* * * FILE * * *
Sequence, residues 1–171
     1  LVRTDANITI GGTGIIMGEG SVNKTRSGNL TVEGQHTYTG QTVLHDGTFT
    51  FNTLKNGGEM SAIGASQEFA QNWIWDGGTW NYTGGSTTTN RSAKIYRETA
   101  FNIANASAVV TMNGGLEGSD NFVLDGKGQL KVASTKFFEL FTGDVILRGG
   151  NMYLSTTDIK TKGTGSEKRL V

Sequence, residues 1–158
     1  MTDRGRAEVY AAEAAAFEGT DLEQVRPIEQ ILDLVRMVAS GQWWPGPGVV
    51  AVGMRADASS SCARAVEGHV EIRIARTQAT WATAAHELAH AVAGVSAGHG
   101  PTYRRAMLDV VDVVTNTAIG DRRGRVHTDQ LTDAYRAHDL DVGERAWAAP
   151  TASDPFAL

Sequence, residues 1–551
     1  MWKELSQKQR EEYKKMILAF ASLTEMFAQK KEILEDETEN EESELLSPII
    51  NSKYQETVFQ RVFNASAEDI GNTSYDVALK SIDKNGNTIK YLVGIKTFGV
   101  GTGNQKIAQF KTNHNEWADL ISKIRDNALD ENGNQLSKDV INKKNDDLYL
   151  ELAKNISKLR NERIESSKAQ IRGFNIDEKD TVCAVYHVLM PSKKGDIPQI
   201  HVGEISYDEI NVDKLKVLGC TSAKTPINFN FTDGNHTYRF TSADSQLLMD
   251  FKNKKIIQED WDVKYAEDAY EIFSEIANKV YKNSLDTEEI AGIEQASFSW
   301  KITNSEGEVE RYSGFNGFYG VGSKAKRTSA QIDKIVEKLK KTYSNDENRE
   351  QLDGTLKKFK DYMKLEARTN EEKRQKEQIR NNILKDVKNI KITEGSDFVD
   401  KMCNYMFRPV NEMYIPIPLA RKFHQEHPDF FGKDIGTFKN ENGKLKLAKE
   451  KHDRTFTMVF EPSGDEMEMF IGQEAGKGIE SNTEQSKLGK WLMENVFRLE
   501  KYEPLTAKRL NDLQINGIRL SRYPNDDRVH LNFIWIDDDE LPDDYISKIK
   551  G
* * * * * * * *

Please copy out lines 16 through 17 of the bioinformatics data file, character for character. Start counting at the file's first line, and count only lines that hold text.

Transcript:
   201  HVGEISYDEI NVDKLKVLGC TSAKTPINFN FTDGNHTYRF TSADSQLLMD
   251  FKNKKIIQED WDVKYAEDAY EIFSEIANKV YKNSLDTEEI AGIEQASFSW